Washington, July 10 : A research team from the NIBRT Dublin-Oxford Glycobiology Laboratory at University College Dublin has come up with a system that may pinpoint potential "biomarkers" of early forms of cancer.
The researchers have revealed that they do so by looking at the structures of specific sugar molecules, which are attached either to proteins made by cancerous cells or to proteins involved in the host response.
Professor Pauline Rudd, who led the project, believes that this work may allow scientists to device new ways to monitor disease progression and response to therapy more accurately than is currently possible.
She points out that cancer cells not only have different sets of proteins from normal human cells, but that their proteins have changes in the types and numbers of sugar molecules that are attached to them.
According to her, being able to detect such changes holds the key to developing a new approach for diagnosing cancer.
"We have found that there are alterations in sugars attached to proteins in blood serum from all cancers we have looked at, and some of these appear to be early markers of the disease processes. What is more, we have been able to isolate several sugar-linked variants of particular proteins which are associated with different types of cancer, including prostate, pancreatic and ovarian and breast cancers," she says.
"In the long term, we envisage that by finding more specific sugar variants, we will be able to use combinations of these as biomarkers to allow very accurate early diagnosis of particular cancers," she adds.
Pauline believes that such techniques may act alongside, or even replace physical methods like scanning, which are less dependable for early diagnosis.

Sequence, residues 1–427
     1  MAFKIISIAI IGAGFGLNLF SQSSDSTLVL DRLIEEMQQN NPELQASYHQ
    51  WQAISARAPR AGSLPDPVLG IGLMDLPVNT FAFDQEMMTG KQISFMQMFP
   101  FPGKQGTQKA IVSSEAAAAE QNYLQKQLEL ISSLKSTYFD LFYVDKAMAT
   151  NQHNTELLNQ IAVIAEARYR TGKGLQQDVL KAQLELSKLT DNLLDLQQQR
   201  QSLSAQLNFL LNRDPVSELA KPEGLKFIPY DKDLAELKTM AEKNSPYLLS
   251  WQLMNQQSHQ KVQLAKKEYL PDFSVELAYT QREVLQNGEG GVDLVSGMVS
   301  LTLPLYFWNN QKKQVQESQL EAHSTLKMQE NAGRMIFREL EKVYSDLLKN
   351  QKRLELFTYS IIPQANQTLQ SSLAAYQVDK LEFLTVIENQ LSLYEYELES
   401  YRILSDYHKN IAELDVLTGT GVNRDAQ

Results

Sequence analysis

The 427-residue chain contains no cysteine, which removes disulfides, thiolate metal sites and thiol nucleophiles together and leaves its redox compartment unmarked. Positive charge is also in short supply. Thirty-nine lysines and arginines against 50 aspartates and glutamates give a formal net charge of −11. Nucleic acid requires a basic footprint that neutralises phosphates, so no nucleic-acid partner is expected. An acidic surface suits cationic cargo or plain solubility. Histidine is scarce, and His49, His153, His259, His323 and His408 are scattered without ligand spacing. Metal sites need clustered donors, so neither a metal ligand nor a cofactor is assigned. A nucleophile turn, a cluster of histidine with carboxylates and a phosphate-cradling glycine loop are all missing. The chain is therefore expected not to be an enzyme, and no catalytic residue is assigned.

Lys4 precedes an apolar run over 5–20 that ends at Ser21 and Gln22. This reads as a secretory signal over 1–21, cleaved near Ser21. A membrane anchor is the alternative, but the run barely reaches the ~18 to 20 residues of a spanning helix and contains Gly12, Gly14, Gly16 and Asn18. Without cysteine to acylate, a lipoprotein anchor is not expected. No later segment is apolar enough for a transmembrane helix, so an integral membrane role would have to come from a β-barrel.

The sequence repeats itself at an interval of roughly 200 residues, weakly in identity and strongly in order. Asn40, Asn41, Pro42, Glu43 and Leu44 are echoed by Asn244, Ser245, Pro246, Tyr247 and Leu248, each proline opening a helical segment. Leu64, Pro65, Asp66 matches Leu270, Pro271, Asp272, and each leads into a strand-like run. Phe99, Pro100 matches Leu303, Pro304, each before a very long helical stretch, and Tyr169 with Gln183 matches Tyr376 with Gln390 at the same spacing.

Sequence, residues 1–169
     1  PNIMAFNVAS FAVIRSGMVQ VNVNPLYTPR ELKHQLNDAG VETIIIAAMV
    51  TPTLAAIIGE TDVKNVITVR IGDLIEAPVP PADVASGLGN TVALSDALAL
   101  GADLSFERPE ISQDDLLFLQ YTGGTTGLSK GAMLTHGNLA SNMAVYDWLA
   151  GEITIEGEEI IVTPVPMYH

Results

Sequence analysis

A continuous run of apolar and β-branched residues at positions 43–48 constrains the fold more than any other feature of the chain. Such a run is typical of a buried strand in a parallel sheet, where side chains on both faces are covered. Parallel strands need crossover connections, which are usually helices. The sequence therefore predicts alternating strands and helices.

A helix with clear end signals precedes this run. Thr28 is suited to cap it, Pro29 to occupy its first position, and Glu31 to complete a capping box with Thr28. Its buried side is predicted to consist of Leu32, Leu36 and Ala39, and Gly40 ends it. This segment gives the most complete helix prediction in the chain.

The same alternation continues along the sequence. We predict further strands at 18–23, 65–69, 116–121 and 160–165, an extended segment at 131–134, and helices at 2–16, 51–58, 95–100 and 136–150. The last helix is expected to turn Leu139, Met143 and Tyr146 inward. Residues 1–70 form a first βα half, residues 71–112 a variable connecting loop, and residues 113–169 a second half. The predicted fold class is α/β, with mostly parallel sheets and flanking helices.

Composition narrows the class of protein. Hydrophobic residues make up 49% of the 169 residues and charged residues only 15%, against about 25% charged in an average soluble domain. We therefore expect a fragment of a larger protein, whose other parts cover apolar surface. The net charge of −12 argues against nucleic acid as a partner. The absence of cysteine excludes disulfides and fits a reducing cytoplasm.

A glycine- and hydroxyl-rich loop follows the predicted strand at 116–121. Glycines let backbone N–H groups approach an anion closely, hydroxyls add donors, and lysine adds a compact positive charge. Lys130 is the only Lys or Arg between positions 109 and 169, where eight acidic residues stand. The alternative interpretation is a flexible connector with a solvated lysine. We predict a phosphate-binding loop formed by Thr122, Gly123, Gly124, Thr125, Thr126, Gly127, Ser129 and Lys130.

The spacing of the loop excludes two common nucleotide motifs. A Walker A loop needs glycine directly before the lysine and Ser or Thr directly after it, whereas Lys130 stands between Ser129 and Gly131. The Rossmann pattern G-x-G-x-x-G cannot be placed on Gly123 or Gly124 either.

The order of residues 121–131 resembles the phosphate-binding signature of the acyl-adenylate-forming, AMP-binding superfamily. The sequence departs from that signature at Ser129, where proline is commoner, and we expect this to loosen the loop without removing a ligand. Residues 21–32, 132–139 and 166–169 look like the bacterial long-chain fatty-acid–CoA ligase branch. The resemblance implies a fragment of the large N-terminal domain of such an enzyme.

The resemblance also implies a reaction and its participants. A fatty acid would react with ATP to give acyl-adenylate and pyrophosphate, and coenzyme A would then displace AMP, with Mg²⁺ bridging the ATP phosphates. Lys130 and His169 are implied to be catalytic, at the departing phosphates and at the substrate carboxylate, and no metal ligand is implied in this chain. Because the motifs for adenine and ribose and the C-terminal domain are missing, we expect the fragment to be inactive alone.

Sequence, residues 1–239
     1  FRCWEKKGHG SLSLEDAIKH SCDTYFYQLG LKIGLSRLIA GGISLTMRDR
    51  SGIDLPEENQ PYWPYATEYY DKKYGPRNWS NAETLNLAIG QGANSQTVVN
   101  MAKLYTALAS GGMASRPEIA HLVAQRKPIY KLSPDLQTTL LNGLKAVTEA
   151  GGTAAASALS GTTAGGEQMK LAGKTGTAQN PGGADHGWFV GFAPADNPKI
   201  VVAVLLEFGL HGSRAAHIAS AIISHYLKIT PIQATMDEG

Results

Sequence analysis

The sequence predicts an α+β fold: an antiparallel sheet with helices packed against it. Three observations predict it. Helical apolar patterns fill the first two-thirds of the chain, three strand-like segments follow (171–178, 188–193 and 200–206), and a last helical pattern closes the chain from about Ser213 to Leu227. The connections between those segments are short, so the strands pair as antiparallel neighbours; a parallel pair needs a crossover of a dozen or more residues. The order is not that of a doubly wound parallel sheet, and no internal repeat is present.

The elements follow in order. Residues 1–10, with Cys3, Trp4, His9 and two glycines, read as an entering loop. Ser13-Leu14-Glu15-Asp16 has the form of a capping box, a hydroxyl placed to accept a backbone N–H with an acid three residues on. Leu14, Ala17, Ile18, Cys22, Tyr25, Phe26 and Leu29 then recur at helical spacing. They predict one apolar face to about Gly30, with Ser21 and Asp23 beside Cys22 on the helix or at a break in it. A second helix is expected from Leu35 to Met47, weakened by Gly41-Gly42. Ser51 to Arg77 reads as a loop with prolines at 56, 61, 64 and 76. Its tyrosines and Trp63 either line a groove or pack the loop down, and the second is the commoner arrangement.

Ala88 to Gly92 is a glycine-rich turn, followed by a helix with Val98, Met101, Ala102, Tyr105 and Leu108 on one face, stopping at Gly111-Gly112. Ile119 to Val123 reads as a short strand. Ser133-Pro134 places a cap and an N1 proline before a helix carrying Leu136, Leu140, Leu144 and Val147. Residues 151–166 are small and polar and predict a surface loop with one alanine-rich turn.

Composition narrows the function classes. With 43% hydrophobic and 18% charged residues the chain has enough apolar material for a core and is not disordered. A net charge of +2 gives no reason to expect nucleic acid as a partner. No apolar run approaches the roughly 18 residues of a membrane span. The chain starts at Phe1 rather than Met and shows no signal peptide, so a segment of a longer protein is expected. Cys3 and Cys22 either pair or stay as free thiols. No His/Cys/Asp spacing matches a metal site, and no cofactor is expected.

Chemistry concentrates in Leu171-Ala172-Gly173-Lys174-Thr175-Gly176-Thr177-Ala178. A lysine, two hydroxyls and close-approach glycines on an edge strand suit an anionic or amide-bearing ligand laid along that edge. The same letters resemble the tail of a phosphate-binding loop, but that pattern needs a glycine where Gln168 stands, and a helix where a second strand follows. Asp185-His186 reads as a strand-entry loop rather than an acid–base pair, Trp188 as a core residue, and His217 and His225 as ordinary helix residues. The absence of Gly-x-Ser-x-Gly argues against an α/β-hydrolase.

To detect differences between cancerous and normal cells, she says, her team is working on a robotic technique to analyse the sugars.
"Sugars are removed from the proteins and then broken down into very small components using enzymes. These fragments can be individually characterised leading to the formation of a 'fingerprint' for each sugar we analyse," she says.
"By comparing the fingerprints of sugars from serum or individual proteins from cancer patients with those of disease-free people, we can find sugars which differ slightly between the two - these are the ones that are being tested as potential biomarkers. We are also refining a statistical analysis program which will enable more detailed examination of the data. As our method is high-throughput, we hope to be able to identify a large number of markers which can be taken forward for further testing and then clinical trials, leading to their potential use in both diagnosis and monitoring of cancer progression," she adds.
A presentation on the study was made at the Society for Experimental Biology's Annual Meeting in Marseille on Thursday.